“Teasing aside,” said the restaurateur, “who is the lucky woman, Picaud?”

 

“Mademoiselle de Figoreux.”

 

“Marguerite, the rich heiress?”

 

“She’s the one.”

 

“But she is worth a hundred thousand francs!” cried the café owner in astonishment.

 

“I will pay her back in love and happiness. Anyway my friends, I invite you to the mass at St. Leu and to the dance after the reception which will take place at the Champêtre Ball in Venus’s Grove, Rue des Ours, at the ballroom of the dance master Mr. Latignac, fifth room from the end.”

 

The four friends could say little more than a few insignificant words because the happiness of their comrade stunned them so much.

 

“When is the ceremony?” asked Loupian.

 

“This Tuesday.”

 

“The day after tomorrow?”

 

“I am counting on you. See you soon. I am going to City Hall and then to the priest’s house!”

 

They watched him leave.

 

“Is he happy or what, that silly boy!”

 

“He must have used witchcraft on her.”[iv]

 

“She’s quite a beautiful girl, and quite rich, too!”

 

“To a nobody!”

 

“And this Tuesday is the wedding!”

 

“I promise,” said Loupian, “to delay the celebration.”

 

“How will you do it?”

  • The story is continued in "The Diamond and the Vengeance" E-Book, see above on how to get your copy plus a second story from Parisian police files which also influenced The Count of Monte Cristo.

 

A Short Biographical Note on Jacques Peuchet

Peuchet (1758-1830) was a prolific writer and researcher. He first became famous for his Encyclopedia of Commerce, an early work of economics that caught the attention of Benjamin Franklin, among others. He later became something of a criminologist, writing studies on Suicide (which were translated into German by Karl Marx) and other essays on crime and criminal law. James Madison noted some of Peuchet’s research in his writing. (How many writers could claim to have influenced both the main framer of the Constitution of the United States and the author of The Communist Manifesto?)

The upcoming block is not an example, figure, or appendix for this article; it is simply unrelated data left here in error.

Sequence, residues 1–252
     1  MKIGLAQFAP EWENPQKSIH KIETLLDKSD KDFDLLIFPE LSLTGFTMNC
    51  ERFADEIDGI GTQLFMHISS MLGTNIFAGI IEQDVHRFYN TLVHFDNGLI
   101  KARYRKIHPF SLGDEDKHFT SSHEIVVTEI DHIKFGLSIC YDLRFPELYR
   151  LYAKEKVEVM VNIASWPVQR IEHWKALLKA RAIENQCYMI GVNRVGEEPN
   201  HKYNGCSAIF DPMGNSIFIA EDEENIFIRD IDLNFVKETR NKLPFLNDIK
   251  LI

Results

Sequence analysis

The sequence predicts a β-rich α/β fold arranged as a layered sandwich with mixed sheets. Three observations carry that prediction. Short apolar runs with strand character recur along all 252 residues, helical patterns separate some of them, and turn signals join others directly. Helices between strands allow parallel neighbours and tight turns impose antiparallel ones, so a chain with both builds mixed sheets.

[i] Nîmes, the Gard, and Languedoc. These all indicate where Picaud and his friends were from. Nîmes, a city in south-central France, is capital of the province of the Gard. The Gard is one of several provinces that make up the region in southern France known as Languedoc. The words  treilhas and  treilles are the same word; the first in the dialect of Languedoc, the second as spoken in Paris.

[ii] Saint-Opportune. Today this is a pedestrian square in the heart of the shopping and cultural district of Paris. A book published in France in 1846 (just eight years after Peuchet’s book was published) described it as “one of the most distinguished quarters of the capital city.”  Joseph-Henri Reveillé-Parise, Lettres de Gui Patin, Vol. I (Paris: J.-B. Baillière, 1846) li.

[iii] Horns. In Europe, horns on a man’s head signify that his wife has been unfaithful. Jesting about men’s horns continues further along in the conversation.

[iv] Used  witchcraft. In French, this can also mean “be overdressed.” The jealousy of Loupian does suggest the men might blame Picaud’s success on sorcery, but we are also told Picaud was in his Sunday best. A note to one French abridgement believes it meant they were mocking him for being overdressed and out of his class, but  three other commentaries seem to indicate this was a bitter suggestion that Picaud must have won Marguerite’s love in some underhanded manner with black magic.